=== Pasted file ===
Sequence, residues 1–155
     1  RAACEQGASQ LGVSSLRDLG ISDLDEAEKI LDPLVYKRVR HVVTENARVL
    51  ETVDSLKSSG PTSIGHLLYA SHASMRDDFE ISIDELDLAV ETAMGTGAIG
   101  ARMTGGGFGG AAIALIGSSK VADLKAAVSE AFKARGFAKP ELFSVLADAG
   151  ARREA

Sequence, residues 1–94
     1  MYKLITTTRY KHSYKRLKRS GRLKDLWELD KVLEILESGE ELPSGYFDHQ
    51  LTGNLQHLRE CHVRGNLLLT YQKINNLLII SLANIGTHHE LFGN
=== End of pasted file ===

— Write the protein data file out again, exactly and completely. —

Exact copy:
Sequence, residues 1–155
     1  RAACEQGASQ LGVSSLRDLG ISDLDEAEKI LDPLVYKRVR HVVTENARVL
    51  ETVDSLKSSG PTSIGHLLYA SHASMRDDFE ISIDELDLAV ETAMGTGAIG
   101  ARMTGGGFGG AAIALIGSSK VADLKAAVSE AFKARGFAKP ELFSVLADAG
   151  ARREA

Sequence, residues 1–94
     1  MYKLITTTRY KHSYKRLKRS GRLKDLWELD KVLEILESGE ELPSGYFDHQ
    51  LTGNLQHLRE CHVRGNLLLT YQKINNLLII SLANIGTHHE LFGN